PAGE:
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October 1, 2014

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Officer involved in Erik Scott shooting indicted on weapons charge

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Steve Marcus

Metro Police Officer Thomas Mendiola testifies during a coroner’s inquest for Erik Scott at the Regional Justice Center on Sept. 28, 2010. Scott was shot and killed by Metro officers at the Summerlin Costco store July 10.

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One of three Metro Police officers who shot and killed Erik Scott outside the Summerlin Costco last summer was indicted Friday on a charge of disposing a firearm to a prohibited person.

Thomas Rosco Mendiola was relieved of duty without pay in January pending the outcome of an investigation after he allegedly gave a firearm to a convicted felon as a gift for working on his car.

Mendiola, William Mosher and Joshua Stark shot and killed Scott on July 10 last year outside Costco after authorities say Scott pointed a gun at police. A Clark County coroner’s inquest jury ruled in September after six days of testimony the three officers were justified in the shooting.

According to a criminal complaint, Mendiola gave a .22-caliber Ruger handgun to Robert Justice, 45, as a gift for working on his car in August 2010. Justice has convictions for two felony offenses and is prohibited from possessing firearms, authorities said.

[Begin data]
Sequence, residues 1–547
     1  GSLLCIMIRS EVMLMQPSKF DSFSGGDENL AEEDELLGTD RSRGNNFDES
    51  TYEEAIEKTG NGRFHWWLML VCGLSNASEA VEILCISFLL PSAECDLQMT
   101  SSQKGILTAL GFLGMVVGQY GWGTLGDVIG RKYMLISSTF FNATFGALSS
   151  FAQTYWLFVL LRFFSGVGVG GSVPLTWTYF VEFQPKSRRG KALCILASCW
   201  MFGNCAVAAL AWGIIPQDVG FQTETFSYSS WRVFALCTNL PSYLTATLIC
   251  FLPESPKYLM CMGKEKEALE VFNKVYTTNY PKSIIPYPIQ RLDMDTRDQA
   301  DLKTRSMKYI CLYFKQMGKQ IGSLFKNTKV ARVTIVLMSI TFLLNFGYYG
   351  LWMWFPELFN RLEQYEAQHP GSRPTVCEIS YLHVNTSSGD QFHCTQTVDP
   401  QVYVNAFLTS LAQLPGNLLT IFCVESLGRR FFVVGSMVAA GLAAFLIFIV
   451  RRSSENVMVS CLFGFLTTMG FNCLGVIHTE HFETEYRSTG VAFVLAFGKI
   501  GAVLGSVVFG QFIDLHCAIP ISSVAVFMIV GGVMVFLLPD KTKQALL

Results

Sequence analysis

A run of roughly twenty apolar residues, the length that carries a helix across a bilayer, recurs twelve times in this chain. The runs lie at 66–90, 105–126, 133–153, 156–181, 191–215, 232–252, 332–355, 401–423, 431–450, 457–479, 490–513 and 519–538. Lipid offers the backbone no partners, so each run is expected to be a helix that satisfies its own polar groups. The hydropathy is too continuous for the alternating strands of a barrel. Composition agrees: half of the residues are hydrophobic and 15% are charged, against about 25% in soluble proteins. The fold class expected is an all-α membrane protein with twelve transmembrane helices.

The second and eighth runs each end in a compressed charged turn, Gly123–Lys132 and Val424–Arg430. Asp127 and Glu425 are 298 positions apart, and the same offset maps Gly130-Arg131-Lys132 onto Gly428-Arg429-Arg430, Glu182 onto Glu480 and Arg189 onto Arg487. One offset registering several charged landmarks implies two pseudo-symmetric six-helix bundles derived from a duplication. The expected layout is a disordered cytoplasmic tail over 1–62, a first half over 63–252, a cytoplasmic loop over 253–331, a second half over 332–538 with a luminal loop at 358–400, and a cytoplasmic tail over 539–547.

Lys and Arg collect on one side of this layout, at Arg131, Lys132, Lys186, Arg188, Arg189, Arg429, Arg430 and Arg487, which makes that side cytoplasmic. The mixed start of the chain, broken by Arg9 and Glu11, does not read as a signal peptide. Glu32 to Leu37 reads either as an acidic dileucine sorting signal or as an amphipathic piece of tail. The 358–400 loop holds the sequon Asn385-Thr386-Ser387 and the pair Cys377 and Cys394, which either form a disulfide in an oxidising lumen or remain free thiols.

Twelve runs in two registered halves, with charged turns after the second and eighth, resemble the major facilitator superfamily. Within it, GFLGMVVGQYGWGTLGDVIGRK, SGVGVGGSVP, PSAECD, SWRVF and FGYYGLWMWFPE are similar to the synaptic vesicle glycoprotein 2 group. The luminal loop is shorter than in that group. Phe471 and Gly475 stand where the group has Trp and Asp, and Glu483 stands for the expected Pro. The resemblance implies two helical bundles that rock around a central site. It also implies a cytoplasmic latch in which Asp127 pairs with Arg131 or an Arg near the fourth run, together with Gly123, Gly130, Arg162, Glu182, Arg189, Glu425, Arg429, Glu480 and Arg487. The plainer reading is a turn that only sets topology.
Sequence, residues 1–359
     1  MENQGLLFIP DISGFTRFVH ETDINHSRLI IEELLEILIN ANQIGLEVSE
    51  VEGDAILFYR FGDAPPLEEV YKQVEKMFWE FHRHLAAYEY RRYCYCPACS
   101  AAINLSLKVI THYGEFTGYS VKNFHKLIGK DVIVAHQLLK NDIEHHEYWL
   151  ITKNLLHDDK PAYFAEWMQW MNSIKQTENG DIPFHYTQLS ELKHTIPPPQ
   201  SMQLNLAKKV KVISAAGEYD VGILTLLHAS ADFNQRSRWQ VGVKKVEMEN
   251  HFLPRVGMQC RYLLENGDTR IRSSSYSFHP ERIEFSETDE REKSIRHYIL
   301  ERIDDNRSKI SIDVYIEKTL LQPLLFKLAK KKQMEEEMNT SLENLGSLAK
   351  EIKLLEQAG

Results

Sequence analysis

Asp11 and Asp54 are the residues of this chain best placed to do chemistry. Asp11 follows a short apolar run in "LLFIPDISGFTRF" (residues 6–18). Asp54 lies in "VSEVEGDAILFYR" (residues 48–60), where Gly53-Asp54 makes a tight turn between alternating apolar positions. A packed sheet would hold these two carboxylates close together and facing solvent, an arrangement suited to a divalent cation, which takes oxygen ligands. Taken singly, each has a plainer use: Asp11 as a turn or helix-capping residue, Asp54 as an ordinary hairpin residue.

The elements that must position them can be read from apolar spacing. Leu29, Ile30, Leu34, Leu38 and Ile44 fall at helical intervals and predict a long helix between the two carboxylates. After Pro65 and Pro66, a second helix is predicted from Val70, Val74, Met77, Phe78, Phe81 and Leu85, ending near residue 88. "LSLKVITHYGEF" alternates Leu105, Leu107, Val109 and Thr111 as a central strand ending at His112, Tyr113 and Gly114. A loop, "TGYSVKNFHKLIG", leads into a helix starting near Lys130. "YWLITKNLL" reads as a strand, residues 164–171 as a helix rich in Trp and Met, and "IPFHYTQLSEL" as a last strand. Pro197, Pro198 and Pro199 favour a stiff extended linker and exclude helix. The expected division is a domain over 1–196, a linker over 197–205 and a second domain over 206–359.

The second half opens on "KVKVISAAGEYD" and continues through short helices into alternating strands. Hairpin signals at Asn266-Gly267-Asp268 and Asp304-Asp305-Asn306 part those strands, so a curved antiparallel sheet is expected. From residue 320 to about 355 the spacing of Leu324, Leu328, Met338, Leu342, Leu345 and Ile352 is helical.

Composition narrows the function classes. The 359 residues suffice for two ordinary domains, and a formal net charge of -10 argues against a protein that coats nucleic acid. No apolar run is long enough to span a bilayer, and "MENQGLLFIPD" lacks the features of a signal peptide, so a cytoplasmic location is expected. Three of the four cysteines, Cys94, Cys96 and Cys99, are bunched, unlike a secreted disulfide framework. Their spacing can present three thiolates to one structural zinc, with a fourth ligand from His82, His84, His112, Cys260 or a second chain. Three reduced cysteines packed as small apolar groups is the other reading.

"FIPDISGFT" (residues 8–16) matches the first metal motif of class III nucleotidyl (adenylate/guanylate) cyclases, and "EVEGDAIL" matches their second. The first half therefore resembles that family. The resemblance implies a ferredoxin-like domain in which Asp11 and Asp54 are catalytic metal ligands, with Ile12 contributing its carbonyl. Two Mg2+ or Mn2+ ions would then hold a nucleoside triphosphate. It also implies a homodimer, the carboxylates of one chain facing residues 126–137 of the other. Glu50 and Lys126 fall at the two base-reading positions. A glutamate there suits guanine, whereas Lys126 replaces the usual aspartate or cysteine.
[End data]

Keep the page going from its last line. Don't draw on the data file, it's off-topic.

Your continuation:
Mendiola had met Justice in July when Justice first worked on Mendiola’s car, the report said. Justice told police Mendiola gave him the gun, an extra magazine and a box of ammunition as a gift.

Justice later sold the gun and a .357-caliber handgun to an undercover detective, the complaint said.

When questioned, Mendiola admitted to giving Justice the gun and knowing the man had been in prison. He told police the gun “wasn’t even working, it was just beat up,” the complaint said.

Mendiola is scheduled to be arraigned May 26 in Clark County District Court.

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  1. I agree to the first two post.
    Also if you get pulled over and you try telling a story like that it would not be believed.
    If the gun was traded for services rendered then it the gun is actually value consideration as opposed to a fire arm, the question should be did Justice trade services for the gun in order to circumvent the gun laws that are in place that would have prohibited him from purchasing one and the next question is did the officer go along with this as a willing accomplice if so then there could be a conspiracy to the gun laws.

  2. Very typical and not surprising. This is just done to make it look like Metro/DA "care." Of course they don't, this is just a ply.

    Hopefully the Federal Government will investigate, like they did in New Orleans.

    Of course they do it on friday to avoid the news cycle.

  3. A .22 can be very deadly in the hands of a skilled shooter. But generally speaking, when used by an average shooter who goes for center mass shots, the infections caused by contaminants on the round (grease, dirt, etc.) are more likely to cause illness and death than the wound itself.

    That said, a .22 is not my first choice if I want a weapon that will stop someone in their tracks with one shot. The psychological and physical "punch" just isn't there.

    As for what the officer allegedly did, that was just plain stupid.